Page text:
Establishing a Safety First Culture
Culture can be defined as the values, beliefs, and behaviors that are shared and help define a group. The group culture provides cues on how to behave in typical situations and the confidence to ask for support when there is a question. In a safety-first work culture the expectation to work safely is clearly defined and the environment is more predictable. (Merritt, Helmreich, 1996) A safety-first corporate culture is the pre-cursor to job safety. When management is committed to the safety-first value it becomes integrated into every task and a shared value with employees.
Why Develop a Safety-First Culture
A safety-first corporate culture is important for a simple reason, competition. Globalization has intensified the nature of competition. As a result of increased competition, corporations must consistently operate at peak performance levels. In order to meet this demand the work environment must be safe. Organizations that do not operate safely become distracted by injuries and accidents, poor employee morale, penalties, increased medical costs, lawsuits, and negative public image. (Goetsch, 2011) This adversely affects the company’s productivity levels and ultimately leads to company failure.
The pressure of global competition leads some companies to cut corners and sacrifice safety in an effort to stay productive and competitive. In doing so the opposite occurs and the organization becomes unable to operate because of the costs associated with unsafe acts. (Goetsch, 2011) In order to remain competitive an organization must establish and practice the ideal safety culture. The ideal safety culture draws on the elements of: informed culture, reporting culture, learning culture, risk aware and planning culture, and just and caring culture. (Radici, 2011)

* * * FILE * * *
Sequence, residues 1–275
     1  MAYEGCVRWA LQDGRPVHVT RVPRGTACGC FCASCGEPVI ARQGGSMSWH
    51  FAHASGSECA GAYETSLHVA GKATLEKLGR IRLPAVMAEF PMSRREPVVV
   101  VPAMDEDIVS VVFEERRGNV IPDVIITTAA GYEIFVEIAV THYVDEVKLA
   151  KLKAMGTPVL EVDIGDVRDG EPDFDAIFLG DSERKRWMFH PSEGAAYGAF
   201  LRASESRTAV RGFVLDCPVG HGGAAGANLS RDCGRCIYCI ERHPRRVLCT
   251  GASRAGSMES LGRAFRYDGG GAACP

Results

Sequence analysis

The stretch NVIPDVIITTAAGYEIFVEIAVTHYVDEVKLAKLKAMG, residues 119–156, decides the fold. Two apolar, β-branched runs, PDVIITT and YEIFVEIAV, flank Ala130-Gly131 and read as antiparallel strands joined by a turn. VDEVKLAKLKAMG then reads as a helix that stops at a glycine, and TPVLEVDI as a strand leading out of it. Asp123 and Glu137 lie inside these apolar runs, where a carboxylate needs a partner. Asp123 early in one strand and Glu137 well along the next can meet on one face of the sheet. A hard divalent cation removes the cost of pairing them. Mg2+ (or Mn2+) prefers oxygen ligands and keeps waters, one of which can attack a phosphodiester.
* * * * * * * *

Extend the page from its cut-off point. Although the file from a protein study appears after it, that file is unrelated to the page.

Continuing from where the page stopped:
Core Characteristics of a Safety Culture
An informed culture is one that, at all levels, understands the approach to managing safety. This begins at orientation and continues through regular and specific safety education. (Radici, 2011) This is a point where management can reinforce the company’s safety-first culture. Through communication about the persona, technical, and environmental components of managing safety at the beginning of a project, the safety-first culture is immediately established.
A reporting culture is one that flows down from management as well as up from employees. Continual improvement is necessary for any company to succeed. Lessons learned that are communicated to employees and incorporated into safety policies and plans ensure continued improvement. To gain a complete understanding of the safety and health of the work environment employees must be encouraged, supported, and rewarded for reporting hazards, near misses, incidents, and errors. (Radici, 2011) Through this encouragement a complete picture of the company’s safety culture can be identified and improved measures presented to...